Coming Home

May 1, 2005
Coming Home

Sometimes the final yards of an ocean race can seem longer -- or more difficult -- than the mile (or whatever distance) you've swum. The swimming was's trying to get to the beach that's daunting. For me, the quickest way to get into shore is to hitch a ride -- or bodysurf -- a wave to the beach. Of course you can take advantage of this only when the tide is right and there are waves to ride. But bodysurfing is a lot faster than swimming to the beach. Plus, you get to rest while the wave brings you to shore. If you're not proficient at bodysurfing a wave, here's how to do it.

As you round the last buoy and head for shore, you need to sight on the beach flags at the finish line. When you reach shallow water and are standing, look back over your shoulder and watch for a wave. Waves usually come in sets, so when you see one, there should be three or four others right behind it.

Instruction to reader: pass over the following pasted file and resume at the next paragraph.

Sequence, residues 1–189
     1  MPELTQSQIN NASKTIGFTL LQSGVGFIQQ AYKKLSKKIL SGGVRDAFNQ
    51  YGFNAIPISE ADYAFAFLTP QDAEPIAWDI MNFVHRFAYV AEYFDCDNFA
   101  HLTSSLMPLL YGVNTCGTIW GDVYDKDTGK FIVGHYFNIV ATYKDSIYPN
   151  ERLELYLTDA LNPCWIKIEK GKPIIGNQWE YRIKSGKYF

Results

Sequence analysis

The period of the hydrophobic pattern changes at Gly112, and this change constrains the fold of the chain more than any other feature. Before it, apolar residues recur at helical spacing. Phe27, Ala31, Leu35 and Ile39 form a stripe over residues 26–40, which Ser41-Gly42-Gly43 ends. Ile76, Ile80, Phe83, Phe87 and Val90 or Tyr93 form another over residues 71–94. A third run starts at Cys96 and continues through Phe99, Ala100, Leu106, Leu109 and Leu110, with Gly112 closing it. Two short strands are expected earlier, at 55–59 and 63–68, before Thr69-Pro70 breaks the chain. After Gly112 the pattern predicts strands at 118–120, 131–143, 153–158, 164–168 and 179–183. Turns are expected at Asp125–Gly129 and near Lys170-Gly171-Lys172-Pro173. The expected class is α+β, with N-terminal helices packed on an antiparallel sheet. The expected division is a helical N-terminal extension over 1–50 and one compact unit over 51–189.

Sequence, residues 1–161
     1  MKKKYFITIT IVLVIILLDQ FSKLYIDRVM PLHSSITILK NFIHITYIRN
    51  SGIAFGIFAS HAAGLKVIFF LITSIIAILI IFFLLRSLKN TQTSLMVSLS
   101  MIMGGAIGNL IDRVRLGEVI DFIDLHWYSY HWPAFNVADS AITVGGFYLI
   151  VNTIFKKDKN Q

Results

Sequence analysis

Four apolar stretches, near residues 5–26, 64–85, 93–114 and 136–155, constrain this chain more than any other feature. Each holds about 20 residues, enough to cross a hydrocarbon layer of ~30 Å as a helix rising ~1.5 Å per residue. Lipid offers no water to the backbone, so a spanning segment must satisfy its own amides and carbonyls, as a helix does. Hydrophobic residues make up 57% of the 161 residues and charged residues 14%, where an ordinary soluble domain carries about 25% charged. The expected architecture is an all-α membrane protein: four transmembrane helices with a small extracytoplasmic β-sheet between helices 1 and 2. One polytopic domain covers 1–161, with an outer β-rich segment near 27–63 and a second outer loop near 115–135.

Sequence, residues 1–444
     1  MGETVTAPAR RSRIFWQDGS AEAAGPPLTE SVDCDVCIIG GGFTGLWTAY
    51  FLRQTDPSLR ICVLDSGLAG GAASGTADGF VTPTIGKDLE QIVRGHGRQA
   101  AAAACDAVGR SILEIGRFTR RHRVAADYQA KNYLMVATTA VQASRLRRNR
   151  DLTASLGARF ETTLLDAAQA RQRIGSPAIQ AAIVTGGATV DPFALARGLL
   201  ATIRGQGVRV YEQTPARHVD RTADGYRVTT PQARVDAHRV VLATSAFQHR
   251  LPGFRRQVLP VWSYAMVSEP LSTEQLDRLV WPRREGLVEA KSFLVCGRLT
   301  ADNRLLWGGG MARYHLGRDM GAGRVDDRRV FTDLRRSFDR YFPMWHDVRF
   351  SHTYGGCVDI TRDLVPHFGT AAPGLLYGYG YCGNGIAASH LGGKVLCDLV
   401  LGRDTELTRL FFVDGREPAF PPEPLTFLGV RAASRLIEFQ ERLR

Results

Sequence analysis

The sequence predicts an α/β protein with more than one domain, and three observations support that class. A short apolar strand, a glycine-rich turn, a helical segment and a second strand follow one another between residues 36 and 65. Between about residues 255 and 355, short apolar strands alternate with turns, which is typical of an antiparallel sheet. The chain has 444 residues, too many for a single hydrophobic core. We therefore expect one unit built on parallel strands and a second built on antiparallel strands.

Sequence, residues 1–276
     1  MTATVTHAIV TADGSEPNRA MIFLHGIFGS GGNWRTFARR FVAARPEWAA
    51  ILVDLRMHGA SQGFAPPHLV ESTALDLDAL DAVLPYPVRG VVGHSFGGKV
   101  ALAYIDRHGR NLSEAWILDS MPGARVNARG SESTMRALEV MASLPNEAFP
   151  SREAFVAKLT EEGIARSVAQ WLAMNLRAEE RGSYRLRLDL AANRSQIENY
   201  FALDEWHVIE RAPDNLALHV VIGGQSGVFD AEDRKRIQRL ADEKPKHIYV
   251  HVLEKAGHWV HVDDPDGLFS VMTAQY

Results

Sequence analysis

When a wave is ready to break, you'll see white foam appearing at the crest of the wave. Ideally, you want to catch a wave BEFORE it breaks, but even if the wave has broken you can still catch a ride to the beach.

As a wave approaches you, take a deep breath and push off and dive into the leading edge of the wave with your arms in streamline. Your arms should be extended over your head just as they would for a pushoff in the pool, with your head in line with your spine. Keep your arms extended over your head to maintain the speed of the wave. The wave will lose power as it approaches shore, and being in streamline will help you extend the ride. If you need to breathe, keep your arms extended over your head and lift your head to breathe.

Your free ride may take you only ten to fifteen yards, but it saves energy and is usually faster than trying to run through the waves and backwash to the shore. You'll be amazed at how many swimmers you can pass riding a wave to the beach.

Surf's up, Moondoggie! Go swim!

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